The life cycle of fleas consists of four stages: eggs, larvae, pupae and adult. While adult fleas account for the clinical problems fleas create, they represent the smallest percentage of a given flea population, with the pupae representing the next smallest percentage of the population. The majority of the flea population (more than half) in a given infestation consists of flea larvae, while flea eggs account for roughly one third of the total population.
While they represent the smallest percentage of a total flea population, they’re the main offenders. They’re are the ones doing the biting, mating and laying the eggs. Adult fleas emerge from their cocoons once they detect a host. Detection of a host is triggered by vibrations, body heat and even the carbon dioxide of an exhalation. Once a flea jumps onto a host, adult fleas feed, mate, lay eggs and start a new generation.
Don’t Egg Them On
Up to about 50 eggs can be laid each day by an adult female flea. The eggs, which have a pearly luster, are smooth and oval, comparable in size to a grain of sand, and are laid on the host's body (usually your pet’s back). The eggs are not sticky, so they’ll typically fall off of the host’s body, meaning that most of the eggs could end up in the locations the host spends the most time. Usually, in as little as 1 or 2 days or as much as 5 or 6 days, these eggs hatch into the larval stage.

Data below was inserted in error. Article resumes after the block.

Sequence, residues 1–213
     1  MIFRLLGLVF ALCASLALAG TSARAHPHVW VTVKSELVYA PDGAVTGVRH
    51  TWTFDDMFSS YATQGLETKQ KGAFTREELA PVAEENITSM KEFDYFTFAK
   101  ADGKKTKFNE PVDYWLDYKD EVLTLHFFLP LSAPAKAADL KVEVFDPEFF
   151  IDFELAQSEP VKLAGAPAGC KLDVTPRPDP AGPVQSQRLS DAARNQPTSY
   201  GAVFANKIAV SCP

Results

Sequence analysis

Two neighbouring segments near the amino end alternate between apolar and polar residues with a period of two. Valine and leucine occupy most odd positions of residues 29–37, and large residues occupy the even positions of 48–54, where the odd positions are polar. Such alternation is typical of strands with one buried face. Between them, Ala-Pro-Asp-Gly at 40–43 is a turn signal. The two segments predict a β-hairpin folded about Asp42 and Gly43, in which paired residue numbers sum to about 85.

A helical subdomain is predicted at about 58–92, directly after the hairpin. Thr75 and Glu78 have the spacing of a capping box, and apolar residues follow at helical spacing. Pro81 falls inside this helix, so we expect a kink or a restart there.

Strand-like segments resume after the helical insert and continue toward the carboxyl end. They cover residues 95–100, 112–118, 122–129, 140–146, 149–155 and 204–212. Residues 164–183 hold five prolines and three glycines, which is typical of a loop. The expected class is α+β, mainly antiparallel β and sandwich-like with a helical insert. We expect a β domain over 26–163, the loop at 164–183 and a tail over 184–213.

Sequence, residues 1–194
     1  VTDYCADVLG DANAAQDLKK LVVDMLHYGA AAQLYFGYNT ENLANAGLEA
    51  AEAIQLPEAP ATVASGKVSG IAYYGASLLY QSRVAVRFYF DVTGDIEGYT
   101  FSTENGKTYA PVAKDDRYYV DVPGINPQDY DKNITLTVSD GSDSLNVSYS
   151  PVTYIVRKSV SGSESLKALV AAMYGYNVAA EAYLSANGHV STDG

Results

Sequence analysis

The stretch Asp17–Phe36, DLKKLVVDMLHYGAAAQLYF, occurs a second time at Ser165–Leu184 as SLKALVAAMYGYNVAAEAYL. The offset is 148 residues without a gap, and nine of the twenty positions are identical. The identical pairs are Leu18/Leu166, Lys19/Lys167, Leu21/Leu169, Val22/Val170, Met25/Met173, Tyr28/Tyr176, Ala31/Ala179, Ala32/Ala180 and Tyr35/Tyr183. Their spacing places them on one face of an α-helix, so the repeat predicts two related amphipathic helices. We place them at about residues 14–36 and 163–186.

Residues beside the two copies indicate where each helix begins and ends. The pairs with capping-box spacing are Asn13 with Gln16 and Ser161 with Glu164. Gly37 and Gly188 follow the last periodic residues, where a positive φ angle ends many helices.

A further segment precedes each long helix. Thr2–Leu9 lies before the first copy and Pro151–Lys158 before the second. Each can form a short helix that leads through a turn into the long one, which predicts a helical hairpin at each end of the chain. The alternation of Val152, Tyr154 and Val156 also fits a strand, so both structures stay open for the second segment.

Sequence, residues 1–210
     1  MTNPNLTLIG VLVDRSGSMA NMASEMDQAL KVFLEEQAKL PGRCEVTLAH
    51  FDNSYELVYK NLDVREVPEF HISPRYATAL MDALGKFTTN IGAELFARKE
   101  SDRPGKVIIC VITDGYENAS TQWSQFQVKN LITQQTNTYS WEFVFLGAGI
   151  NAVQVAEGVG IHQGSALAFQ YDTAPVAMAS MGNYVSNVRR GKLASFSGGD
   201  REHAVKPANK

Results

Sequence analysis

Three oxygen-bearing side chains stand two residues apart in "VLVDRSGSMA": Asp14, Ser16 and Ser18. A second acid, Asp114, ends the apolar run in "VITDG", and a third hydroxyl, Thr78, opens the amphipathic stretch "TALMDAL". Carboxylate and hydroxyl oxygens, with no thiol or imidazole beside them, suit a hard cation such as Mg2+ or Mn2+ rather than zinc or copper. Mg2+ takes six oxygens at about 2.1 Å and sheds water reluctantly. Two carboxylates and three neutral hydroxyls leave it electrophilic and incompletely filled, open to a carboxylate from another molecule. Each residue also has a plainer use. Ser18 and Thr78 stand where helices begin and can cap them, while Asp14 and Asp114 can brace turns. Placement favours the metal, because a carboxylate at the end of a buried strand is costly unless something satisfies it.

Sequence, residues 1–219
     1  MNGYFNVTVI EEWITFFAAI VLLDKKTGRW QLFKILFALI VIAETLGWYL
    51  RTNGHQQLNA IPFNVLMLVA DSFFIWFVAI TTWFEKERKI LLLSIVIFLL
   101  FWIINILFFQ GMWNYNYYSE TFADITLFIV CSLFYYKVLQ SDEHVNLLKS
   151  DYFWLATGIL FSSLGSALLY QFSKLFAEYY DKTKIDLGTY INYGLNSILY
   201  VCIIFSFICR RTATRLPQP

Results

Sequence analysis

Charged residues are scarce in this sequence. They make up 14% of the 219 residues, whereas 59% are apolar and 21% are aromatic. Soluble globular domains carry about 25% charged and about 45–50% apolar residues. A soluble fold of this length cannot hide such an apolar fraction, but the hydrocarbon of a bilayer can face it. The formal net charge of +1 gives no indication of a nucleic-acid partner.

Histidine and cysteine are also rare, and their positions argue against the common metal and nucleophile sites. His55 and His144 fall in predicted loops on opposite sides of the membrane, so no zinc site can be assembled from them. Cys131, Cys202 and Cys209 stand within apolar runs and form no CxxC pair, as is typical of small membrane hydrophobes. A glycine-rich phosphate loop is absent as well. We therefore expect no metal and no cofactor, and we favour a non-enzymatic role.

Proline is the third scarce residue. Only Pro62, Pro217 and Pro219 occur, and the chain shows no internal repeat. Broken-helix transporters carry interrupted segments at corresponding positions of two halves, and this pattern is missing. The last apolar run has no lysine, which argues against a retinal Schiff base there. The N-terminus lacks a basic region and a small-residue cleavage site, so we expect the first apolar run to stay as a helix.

The legless, whitish larvae use a spine atop their head to hatch. This spine is gone after the first larval molt. The newly hatched larvae travel away from light, which is why they might be found closer to your pet’s skin, beneath their hair, or in small crevices around the house. They survive by eating the feces of the adults. The blood meal that adults expel is commonly referred to as “flea dirt,” which feeds the larvae. Larvae don’t travel far from where they’ve hatched, and after their second molt, they spin their cocoons (usually over the course of several days), from which they grow into pupae.
You Say Pupa, I say Pupae
The pupal stage is one in which the larvae, encapsulated in cocoons, transform into adult fleas. Many cocoons will protect the transforming fleas within from pesticides and other chemicals. Although the pupal stage commonly averages from about 1 to 2 weeks, fleas can remain dormant in this stage for 12 months. The great disparity in determining the amount of time spent in the pupal stage is most often due to external conditions. If the temperature and humidity aren’t conducive to emerging for a meal, they’ll wait it out. When body heat or vibrations trigger the presence of a nearby host, they’ll emerge, marking the start of a new cycle.
As you can see, killing adult fleas only takes care of part of the problem. Controlling fleas in all life cycles is the key to avoiding a flea infestation in your home, yard or on your pet.
More on Fleas
What is Flea Dirt?
How to Use a Flea Comb?
Flea and Tick Season: When to Use What Treatment
What Diseases Do Fleas Cause?
What Does a Flea Bite Look Like?